‘Let’s take a trip to Seville’, my boyfriend said to me. At that moment we were staying at the Costa del Sol and wanted to do something else than just going to the beach. So I thought, let’s do it! Okay, it was a 5-hour train ride and a change of trains, but I was totally worth it. Seville is one of the most beautiful and authentic Spanish cities. Every street is beautiful, every district has something amazing. In this post I will tell you about the four best districts in the Seville. All of the districts I mention are in the old quarter of Sevilla: the Casco Antiguo.
1. Santa Cruz
Santa Cruz is een van de oudste en mooiste wijken binnen Sevilla en used to be known as the Jewish corner. It’s a popular area because of the narrow characteristic streets and the lovely squares. But it’s also a neighbourhood with a sad history. The Jewish population thought they were safe in Catholic Seville, but this wasn’t the case. All Jews had to convert theirselves to Catholicism, or else they were brutally persecuted. The result is that nearly all the Jews are gone, but the streets are still there. Catholicism is still present, and you can see this in the Cathedral de Santa Maria de la Sede. The cathedral is one the largest gothic cathedrals in the world, which was also the intention of those who built it. People had to forget that there used to stand a Moorish mosque. The Giralda tower standing next to the cathedral is the leftover of this mosque.
2. El Arenal
El Arenal is very fun district, because here you can find all the tapas you want. This used to be a thriving area because of the sea trade with the recently discovered continent of America. After a long journey the sailsmen arrived in Seville and the sailors went straight into El Arenal looking for cafes, bars and other amusement. One of the structures that still reminds you of this era is the Torro del Oro (Golden Tower). This watchtower was given its name because it was originally covered in golden tiles. These tiles created a golden glow in the sun’s reflection. According to the stories this tower functioned as a storage for the gold out of America. After the sea trade El Arenal focused on bull fighting. In this periode Plaza de Toros was built, one of the most famous arenas in Spain.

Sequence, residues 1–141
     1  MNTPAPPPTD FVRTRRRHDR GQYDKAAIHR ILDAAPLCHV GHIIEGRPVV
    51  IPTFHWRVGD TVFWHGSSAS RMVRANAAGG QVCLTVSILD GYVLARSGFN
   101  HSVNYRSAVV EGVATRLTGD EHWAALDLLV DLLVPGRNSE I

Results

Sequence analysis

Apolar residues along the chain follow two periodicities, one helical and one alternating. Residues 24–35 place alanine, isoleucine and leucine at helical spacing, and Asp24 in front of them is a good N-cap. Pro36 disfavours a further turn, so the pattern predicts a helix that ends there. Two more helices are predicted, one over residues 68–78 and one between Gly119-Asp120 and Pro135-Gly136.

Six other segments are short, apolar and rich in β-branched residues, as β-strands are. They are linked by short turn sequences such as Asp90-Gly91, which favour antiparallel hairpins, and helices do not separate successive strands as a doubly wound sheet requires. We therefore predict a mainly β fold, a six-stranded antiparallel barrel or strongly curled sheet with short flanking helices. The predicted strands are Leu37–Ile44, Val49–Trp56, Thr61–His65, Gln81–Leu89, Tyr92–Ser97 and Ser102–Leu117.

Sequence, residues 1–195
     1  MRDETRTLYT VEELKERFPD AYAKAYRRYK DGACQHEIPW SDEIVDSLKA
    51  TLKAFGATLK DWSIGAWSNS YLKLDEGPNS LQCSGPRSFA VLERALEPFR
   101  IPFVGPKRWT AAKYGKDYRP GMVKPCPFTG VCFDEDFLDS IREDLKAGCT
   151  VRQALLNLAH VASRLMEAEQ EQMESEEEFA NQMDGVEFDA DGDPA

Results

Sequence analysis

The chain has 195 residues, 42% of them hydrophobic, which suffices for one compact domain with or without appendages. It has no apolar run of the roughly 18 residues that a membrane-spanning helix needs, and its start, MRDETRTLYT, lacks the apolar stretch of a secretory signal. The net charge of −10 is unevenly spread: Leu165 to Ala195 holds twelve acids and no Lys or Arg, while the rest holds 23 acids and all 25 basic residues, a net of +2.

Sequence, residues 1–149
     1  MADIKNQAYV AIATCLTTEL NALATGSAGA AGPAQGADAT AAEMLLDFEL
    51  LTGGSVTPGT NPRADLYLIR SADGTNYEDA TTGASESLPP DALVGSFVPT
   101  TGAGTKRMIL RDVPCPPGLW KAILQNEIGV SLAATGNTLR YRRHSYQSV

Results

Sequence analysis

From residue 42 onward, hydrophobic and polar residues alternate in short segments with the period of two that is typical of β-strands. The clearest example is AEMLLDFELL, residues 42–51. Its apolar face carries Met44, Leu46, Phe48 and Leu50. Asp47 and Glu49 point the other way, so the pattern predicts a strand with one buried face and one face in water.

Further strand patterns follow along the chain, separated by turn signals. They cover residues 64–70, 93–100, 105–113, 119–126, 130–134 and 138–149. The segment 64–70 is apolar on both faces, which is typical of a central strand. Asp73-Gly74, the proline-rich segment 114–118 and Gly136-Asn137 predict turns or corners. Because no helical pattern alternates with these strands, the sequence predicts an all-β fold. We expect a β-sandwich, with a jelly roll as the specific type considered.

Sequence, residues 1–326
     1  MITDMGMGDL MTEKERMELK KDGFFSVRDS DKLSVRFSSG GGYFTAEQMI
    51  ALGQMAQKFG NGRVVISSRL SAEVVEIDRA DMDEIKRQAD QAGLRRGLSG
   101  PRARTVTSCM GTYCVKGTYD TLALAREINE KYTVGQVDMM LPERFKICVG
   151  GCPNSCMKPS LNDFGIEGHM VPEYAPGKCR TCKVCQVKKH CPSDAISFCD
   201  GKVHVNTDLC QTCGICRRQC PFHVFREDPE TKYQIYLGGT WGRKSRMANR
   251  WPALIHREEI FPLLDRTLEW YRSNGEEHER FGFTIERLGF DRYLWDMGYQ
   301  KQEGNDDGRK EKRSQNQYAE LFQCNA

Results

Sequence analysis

3. Maria Louisa
Be sure to visit the Parque de Maria Luisa to see the Plaza de España, a beautiful half-circle square with buildings, canals and a fountain surrounding it. This square really reminds you of the Spanish history. For instance the four bridges refers to the four Spanish kingdoms. Also the square is covered with 48 brightly colored ceramic tile mosaics (in Spanish called azuleyo). Each tile mosaic represents a different province of Spain. It’s tradition voor de Spaniards to have your photo taken in front of your home province.
The most lively neighbourhood is Alameda. Straight away you notice the relaxed atmosphere of students. Here you can also find some futuristic elements such as the Metropol Parasol on the Plaza de la Encarnacion. A remarkable wooden construction that looks like a massive beehive honeycomb. It’s kind of a strange thing to see in such an old city as Seville. But on top of the Metropol Parasol you do have a splendid view over the city.
Seville really surprised me. It’s a beautiful authentic city. The churches, the cathedrals, the squares and the parks are inspiring to see. And everything can be done by foot! It’s best to spend a weekend in Seville. Just going for one day is far too short. What is the best time to visit Seville? We were there during the summer and I can say it was pretty hot! Most Sevillians get out of the city during summers to find some coolness. But on the plus side, for the tourists it’s nice and calm in the city.
Have you already visited Seville?